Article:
When you enter a new country, after passing through immigration/passport control, and they’ve decided you personally can enter the country, it’s time for them to look at what you’re bringing in. Of course customs officers are looking for obvious things like drugs and guns, but they’re also concerned with smuggling other things, bringing in items that could pose an agricultural or health risk, or a variety of other categories of items.
Before working through a typical form, let me be clear: you should always be honest on your form. Failure to declare something could result in you being fined for taxes on the item(s), the item(s) being seized, and possible fines in addition to the value of the items. In the US, they typically will seize the item and may charge you a large fine.
This form is from the US, but is going to be basically typical of the forms of other countries. This form is passed out during the last part of the flight, before landing. Often you will receive a form in your most comfortable language, or a bilingual form. A flight from the US to a Spanish-speaking country will probably be available in English or Spanish. If you’re flying a different language mix, and there is no form available when you’re in flight, once you land there will probably be assorted extra forms before you pass through the checkpoint for you to fill out.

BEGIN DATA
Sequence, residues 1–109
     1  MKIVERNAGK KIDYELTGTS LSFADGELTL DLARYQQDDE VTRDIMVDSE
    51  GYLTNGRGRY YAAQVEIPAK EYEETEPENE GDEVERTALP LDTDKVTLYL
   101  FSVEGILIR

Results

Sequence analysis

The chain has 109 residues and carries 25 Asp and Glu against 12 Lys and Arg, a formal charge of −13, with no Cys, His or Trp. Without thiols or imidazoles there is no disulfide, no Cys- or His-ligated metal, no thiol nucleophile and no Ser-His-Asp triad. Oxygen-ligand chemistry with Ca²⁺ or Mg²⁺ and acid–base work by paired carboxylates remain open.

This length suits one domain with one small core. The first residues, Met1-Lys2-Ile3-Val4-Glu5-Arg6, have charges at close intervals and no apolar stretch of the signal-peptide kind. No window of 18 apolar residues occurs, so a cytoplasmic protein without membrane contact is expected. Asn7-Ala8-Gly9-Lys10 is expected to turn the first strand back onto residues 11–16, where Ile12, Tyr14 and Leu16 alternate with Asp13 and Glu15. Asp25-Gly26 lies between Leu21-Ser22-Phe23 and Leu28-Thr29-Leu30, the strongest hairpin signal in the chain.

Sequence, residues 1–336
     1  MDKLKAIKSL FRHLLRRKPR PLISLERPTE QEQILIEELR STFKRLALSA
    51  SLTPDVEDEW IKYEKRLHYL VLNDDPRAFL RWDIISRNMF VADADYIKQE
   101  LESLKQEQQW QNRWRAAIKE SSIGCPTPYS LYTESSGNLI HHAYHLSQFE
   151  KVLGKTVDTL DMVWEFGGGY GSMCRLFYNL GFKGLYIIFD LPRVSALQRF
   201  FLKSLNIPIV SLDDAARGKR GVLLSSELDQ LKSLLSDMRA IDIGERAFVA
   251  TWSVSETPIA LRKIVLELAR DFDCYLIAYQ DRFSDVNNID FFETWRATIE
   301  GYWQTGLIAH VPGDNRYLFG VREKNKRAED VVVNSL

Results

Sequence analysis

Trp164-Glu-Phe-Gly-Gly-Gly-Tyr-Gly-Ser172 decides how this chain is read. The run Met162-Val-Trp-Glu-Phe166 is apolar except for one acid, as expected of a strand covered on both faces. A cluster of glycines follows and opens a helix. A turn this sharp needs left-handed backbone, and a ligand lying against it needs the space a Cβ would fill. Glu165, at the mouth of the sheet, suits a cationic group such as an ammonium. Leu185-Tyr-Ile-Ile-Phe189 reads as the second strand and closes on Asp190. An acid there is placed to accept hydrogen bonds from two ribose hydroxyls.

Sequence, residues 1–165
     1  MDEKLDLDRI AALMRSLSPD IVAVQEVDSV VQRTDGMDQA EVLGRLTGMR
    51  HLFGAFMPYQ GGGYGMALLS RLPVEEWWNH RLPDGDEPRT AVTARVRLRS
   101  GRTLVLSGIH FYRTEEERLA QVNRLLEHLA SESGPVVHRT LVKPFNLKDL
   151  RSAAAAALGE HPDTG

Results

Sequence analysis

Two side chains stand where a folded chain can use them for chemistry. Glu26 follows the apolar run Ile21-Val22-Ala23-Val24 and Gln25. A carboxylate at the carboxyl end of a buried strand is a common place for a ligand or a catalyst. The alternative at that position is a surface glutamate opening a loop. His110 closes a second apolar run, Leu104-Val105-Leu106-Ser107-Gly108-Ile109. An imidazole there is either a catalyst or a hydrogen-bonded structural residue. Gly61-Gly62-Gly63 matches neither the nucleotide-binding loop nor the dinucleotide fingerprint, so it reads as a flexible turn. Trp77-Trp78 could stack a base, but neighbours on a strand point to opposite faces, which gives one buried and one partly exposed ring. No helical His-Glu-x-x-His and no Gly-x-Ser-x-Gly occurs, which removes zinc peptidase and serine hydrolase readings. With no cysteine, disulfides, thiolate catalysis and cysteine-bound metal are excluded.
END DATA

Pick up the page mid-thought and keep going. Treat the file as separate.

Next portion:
Questions 1-10 ask basic information about you. When traveling TO another country, be sure to have available your address where you will stay, or at least the first place you will stay.
Question 11 I am bringing:
11A Fruits, vegetables, plants, seeds, food, insects – this is about preventing pests or possibly infected seeds from impacting our agriculture. If you have ANY food in your bag, declare it. If it’s something that is allowed (like chips or dried snacks) they’ll let you go with it.
11B Meats, animals, animal/wildlife products – this is to prevent things like mad cow disease or CWD from getting into our country. These will probably not be allowed, even if commercially packaged. This is where I lost some ham on the way home from Spain.
11C/D Diseases, soil – probably not a major concern on student travel. Don’t bring disease cultures or dirt back with you.
12 Near animals – making sure you’re not bringing any possible diseases back with you without being aware.
13 Money – Odds are you’re not traveling with over $10k, but if you are, just know it’s legal to do but you must declare it. They will just want to verify it isn’t the proceeds of a crime. If you can prove it’s legally yours, you’re good!
14 Commercial merchandise – this is asking if you’re bringing stuff back to sell. If you are, these items will be taxed as imported merchandise. Don’t do this.
15 Value of your goods – As a US resident coming home: Estimate what you spent on souvenirs and gifts while abroad. A large amount may be subject to sales tax but normal souvenir purchases are usually fine. They often won’t bother with a minor amount of small purchases. On the back of the form you’ll have to describe exactly what these items are. When entering another country: declare items you’re bringing and planning to leave there.